August 30, 2018 2:34 pm

I think it’s simply utter disregard for their fellow human.
Not a jot of care or concern in any way.

Mark - Helsinki
Reply to  Geoff Sherrington
August 30, 2018 8:15 am

You inherited it from England a long time ago mate, just like the US 😀 #colonies
Look at all of the former colonies, all of em are as bent as a 9 dollar bill, from Oz to Africa, bent as heck.

Cronyism and nepotism are everywhere, part of the human condition, but this special kind of managed and controlled and very sophisticated corruption, was spread by the empire.

Nigeria is still mired in it to the hilt, there they took it so far that you needed to bribe the bus conductor just to get a seat, and a guilty or innocent verdict in court depended purely on whether you could pay for an innocent verdict. If you wanted to see a doctor, pay up,then pay up again for the doctor’s actual services.
Bribes became a part of the culture. Where do you think they learned that as it was not part of tribal cultures in the region before Britain had its colony.
A secondary cause is, the British massed over 1000 rival tribes into one geographical entity and favoured one over the others.
Lavished tribal leaders with wealth so they would control their tribes.

Read The State of Africa. Very good book.

As I said, nepotism is a human trait, but sophisticated corruption that transcends tribal loyalties is a very Empire thing. Belgian, German, British and I don’t doubt Eastern Empires too

Education.. education enabled such systems to be developed, all that was needed was some greedy people to make use of said education 🙂

Reply to  Mark - Helsinki
August 30, 2018 8:23 am

Former English colonies are well run compared to former Spanish colonies.

Paul Penrose
Reply to  MarkW
August 30, 2018 9:39 am

Or former French colonies, for that matter.

Reply to  Paul Penrose
August 30, 2018 10:06 am

California is a former Spanish colony.

Reply to  MarkW
August 30, 2018 10:08 am

It never was a “Mexican” colony.

Writing Observer
Reply to  RACookPE1978
August 30, 2018 11:58 am

True. They were a Mexican “department.”

Crispin in Waterloo
Reply to  Mark - Helsinki
August 30, 2018 2:34 pm

Corruption, graft, “introductions”, slavery, domestic violence and gross abuse of human rights was well established in African conqueror tribes long before the beginning of written records. The introduction of new kinds of exploitation and grasping materialism only made things worse.

I say that as someone who lived for 30 years among people who killed other races as casually as you swat a fly, and who were feared slave catchers, a fact now suppressed behind a dark curtain of denial and convenience. The noble savage is a vain imagining.

John Garrett
August 30, 2018 4:37 am


A bunch of these people should be indicted.

Tom Abbott
Reply to  John Garrett
August 30, 2018 5:05 am

Yeah, I don’t want some private individual or group buying my Attorney General.

Reply to  Tom Abbott
August 30, 2018 8:55 am

Don’t worry – they can’t – he’s already been bought!

August 30, 2018 10:07 am

There’s an LBJ quote about an honest politician is one who stays bought once he’s been bought.

August 30, 2018 4:49 am

Pretty sure the same thing is happening in Australia. Think “Adani” using overseas activist funds to fund court action. Assuming the non-profits are non taxpaying orgs then it is no wonder the govt are not getting enough tax revenue – maybe the tax dept is green as well.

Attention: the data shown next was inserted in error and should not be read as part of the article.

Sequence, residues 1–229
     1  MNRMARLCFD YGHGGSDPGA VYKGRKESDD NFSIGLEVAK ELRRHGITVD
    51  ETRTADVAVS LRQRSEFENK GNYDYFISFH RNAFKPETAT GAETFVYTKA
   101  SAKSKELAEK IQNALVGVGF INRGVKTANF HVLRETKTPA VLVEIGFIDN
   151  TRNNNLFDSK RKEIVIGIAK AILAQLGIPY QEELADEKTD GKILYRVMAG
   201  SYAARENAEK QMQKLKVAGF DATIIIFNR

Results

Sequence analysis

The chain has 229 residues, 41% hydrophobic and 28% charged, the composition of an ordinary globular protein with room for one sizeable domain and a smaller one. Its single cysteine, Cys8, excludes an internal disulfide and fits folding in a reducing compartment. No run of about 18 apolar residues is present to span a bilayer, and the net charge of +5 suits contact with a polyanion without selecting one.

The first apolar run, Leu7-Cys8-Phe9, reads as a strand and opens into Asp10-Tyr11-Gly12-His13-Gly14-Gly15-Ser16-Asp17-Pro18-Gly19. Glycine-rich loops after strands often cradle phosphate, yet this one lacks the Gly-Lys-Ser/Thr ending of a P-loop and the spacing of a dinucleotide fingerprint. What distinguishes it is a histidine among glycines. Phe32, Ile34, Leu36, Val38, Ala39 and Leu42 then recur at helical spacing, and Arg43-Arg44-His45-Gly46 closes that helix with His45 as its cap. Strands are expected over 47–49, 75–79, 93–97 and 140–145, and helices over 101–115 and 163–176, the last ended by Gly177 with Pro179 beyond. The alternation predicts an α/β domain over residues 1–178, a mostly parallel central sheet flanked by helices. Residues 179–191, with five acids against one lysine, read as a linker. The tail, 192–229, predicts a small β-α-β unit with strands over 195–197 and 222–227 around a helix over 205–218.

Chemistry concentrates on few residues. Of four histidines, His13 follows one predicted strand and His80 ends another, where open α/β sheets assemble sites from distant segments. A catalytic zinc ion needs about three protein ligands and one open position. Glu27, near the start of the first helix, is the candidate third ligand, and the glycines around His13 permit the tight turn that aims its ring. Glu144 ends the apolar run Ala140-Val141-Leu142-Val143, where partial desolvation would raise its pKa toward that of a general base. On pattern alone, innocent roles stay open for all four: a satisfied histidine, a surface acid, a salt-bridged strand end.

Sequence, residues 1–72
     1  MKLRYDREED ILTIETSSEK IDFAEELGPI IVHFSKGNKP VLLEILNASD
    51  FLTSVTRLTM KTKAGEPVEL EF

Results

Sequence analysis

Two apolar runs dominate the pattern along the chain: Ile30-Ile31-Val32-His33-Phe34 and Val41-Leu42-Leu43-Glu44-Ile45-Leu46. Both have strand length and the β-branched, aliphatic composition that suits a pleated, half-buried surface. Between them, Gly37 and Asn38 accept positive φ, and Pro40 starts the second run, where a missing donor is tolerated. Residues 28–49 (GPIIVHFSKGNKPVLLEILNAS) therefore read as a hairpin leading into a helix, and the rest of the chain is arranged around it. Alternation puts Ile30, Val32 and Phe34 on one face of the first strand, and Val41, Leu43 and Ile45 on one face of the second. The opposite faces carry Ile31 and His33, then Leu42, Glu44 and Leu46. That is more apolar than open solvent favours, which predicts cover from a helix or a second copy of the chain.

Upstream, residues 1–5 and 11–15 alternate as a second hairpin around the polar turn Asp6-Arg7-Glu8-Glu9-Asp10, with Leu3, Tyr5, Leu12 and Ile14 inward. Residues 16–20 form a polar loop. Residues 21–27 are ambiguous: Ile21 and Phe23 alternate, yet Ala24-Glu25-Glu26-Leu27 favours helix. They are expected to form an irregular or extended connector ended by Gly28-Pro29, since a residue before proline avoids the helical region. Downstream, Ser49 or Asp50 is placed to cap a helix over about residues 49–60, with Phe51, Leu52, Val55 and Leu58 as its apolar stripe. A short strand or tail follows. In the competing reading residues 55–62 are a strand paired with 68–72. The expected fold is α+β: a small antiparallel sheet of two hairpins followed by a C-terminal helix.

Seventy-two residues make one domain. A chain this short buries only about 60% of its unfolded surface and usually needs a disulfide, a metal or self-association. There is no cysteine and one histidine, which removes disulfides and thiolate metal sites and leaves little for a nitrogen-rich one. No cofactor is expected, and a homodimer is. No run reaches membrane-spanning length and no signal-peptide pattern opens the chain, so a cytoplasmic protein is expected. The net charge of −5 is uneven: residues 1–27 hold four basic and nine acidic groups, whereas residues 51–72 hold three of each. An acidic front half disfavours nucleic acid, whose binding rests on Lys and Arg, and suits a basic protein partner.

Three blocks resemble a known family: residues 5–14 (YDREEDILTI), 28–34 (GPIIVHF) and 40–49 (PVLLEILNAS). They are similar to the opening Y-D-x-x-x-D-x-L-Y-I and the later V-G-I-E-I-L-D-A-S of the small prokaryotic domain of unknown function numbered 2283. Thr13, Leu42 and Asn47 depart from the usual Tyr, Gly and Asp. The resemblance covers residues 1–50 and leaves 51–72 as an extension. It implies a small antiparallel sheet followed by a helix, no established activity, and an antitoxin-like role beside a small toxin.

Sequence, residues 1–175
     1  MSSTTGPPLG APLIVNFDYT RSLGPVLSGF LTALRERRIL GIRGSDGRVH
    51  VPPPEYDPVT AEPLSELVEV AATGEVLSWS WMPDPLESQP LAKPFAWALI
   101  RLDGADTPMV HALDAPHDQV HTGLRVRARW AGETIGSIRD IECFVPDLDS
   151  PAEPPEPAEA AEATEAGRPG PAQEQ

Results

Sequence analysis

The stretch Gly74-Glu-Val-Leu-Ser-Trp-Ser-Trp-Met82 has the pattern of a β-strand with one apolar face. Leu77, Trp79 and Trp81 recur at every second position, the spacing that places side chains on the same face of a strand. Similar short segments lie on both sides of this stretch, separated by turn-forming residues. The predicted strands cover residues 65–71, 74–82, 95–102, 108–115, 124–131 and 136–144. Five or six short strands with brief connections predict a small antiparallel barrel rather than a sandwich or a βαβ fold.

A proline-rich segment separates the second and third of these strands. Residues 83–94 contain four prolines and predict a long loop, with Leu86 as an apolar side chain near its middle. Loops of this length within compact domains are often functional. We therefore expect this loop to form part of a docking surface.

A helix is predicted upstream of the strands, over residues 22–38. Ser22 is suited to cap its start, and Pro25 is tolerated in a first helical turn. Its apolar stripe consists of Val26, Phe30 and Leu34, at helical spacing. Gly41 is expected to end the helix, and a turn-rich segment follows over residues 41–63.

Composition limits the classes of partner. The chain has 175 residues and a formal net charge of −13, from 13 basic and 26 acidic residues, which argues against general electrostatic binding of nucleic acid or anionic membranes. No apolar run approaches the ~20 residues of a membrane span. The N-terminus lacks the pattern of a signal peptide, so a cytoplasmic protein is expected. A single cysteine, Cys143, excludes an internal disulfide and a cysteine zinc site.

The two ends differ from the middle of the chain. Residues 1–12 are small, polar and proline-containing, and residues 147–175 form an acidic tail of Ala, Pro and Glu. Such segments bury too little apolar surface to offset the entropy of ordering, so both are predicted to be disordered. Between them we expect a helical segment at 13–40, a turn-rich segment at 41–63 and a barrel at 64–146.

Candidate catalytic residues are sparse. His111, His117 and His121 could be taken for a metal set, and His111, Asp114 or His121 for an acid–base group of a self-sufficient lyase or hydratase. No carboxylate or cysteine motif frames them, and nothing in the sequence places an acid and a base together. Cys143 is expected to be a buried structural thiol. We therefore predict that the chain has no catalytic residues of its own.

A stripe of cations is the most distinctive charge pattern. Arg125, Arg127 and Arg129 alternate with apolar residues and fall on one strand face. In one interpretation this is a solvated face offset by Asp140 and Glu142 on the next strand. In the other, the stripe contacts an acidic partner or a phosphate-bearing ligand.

Crispin in Waterloo
Reply to  gowest
August 30, 2018 6:05 am


I was thinking about how to reword your sentence: “Think “Adani” using overseas activist funds to fund court action.”

Given the legal context I think the best choice is: “Think “Adani” using overseas activist funds to procure court action.

“Procuring” is in this case an activity whereby one party seeks legal whores to service the predilections of political Johns who are in turn whoring themselves to Big Green.

It puts a new cant on, “They are in over their heads.”

Tom Halla
August 30, 2018 4:54 am

That things like this are going on is why the US needs an actual Attorney General. Sessions seems to be captured by the “professional” staff at the Justice Department, who are mostly acting as if they represent the DC electorate–93% Democratic Party.
The various State AGs should face Federal civil rights suits or prosecutions for these antics, but under the current AG, it will happen about the eleventh of never.

George Daddis
Reply to  Tom Halla
August 30, 2018 6:57 am

Don’t forget George Soros had (has?) an effort to influence the election of state AGs. Per Politico Aug 30, 2016:

“Billionaire financier Geoge(sic) Soros has channeled more than $3 million into seven local district attorney campaigns in six states over the past year.”

This is why I wish there were a Constitutionally acceptable way to allow political donations to be only from the jurisdiction in play. (E.g. no Hollywood money to Texas or Long Island races).

(If I recall however, most of George’s candidates lost!)

Reply to  George Daddis
August 30, 2018 8:25 am

I could agree to that if your US Representative and Senator were to promise to only vote on legislation that affected only your state.

Reply to  MarkW
August 30, 2018 9:07 am

I disagree. Representatives and Senators should be prohibited from voting on any measure that affects ONLY their constituency – we need states men and women, not people looking to gain voting support by funneling Government largesse to their constituents. Should have a similar prohibition at the state level.

Reply to  Retired_Engineer_Jim
August 30, 2018 11:29 am